Just when you figured out the difference between the "good" cholesterol (HDL) and "bad" cholesterol (LDL), British researchers have discovered a third, type that sticks to the walls of your arteries.
The research, funded by the British Heart Foundation (BHF), found that 'ultra-bad' cholesterol, called MGmin-low-density lipoprotein (LDL), which is more common in people with type 2 diabetes and the elderly, appears to be 'stickier' than normal LDL. This makes it more likely to attach to the walls of arteries. When LDL attaches to artery walls it helps form the dangerous 'fatty' plaques' that cause coronary heart disease (CHD).
To the layman, it appears that this is not a new cholesterol, but merely one that latches onto the artery walls with greater strength. But it is a new form of cholesterol as LDL becomes MGmin-LDL. The article goes on to explain how this change happens;
They found that MGmin-LDL is created by the addition of sugar groups to 'normal' LDL -- a process called glycation -- making LDL smaller and denser. By changing its shape, the sugar groups expose new regions on the surface of the LDL. These exposed regions are more likely to stick to artery walls, helping to build fatty plaques. As fatty plaques grow they narrow arteries -- reducing blood flow -- and they can eventually rupture, triggering a blood clot that causes a heart attack or stroke.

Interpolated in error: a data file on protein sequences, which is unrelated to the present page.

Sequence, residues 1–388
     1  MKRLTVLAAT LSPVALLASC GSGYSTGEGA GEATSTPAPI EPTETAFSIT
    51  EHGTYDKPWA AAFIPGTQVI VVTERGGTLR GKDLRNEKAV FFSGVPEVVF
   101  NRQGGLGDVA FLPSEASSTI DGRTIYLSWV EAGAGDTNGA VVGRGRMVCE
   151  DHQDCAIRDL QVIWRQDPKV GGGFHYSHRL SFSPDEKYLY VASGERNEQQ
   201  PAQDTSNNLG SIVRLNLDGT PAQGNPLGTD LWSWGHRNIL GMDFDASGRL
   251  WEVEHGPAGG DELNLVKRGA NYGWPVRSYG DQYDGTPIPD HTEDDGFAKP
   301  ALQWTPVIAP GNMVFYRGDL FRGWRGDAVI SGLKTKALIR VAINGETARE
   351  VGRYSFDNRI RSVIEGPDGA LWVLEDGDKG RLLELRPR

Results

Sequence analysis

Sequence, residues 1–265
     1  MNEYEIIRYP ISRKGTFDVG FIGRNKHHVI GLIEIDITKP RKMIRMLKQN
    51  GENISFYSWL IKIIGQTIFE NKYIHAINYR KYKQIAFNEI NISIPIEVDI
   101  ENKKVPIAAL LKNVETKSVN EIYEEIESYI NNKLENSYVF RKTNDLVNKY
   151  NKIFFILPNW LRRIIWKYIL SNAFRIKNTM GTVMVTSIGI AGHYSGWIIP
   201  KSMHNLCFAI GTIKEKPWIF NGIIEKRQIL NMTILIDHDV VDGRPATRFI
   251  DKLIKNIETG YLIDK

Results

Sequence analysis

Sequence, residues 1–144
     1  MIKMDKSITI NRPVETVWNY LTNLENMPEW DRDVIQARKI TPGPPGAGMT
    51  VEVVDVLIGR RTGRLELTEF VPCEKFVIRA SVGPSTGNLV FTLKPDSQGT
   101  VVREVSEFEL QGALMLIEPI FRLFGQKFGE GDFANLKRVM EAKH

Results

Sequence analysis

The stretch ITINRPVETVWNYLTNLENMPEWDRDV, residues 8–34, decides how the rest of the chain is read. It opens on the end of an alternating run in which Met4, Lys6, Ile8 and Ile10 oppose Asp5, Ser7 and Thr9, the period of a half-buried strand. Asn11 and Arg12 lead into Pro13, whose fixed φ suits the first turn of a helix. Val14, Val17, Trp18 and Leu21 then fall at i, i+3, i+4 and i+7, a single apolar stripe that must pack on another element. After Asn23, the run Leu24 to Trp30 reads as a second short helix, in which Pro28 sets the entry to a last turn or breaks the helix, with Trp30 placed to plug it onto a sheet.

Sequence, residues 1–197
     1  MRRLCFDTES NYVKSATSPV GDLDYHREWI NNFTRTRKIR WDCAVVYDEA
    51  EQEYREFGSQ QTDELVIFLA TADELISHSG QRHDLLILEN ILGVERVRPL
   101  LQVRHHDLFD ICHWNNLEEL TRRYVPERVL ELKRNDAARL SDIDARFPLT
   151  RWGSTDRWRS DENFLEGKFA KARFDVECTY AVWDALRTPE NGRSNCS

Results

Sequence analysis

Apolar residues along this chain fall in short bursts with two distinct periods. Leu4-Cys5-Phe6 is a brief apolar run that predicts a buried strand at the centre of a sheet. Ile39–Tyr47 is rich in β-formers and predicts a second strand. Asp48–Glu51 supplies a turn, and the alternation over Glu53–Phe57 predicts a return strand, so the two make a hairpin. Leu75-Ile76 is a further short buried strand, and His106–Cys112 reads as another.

MGmin-low-density lipoprotein (LDL) could be a key player that leads to heart disease. The study helps researchers understand it’s the shape and density of bad cholesterol in the body that causes damage and heart disease.
But not everything about this new, "ultra-bad" cholesterol is terrible. Metformin, a drug used to treat people with Type 2 Diabetes has shown promising results in lowering blood sugar levels in diabetes patients. Lowering those blood sugar levels might prevent LDL from morphing into MGmin-LDL. And that is a good thing.
According to the CDC, heart disease is killing one person every single minute in America. If you are doing the math, that's over 500,000 people dying from heart disease every year.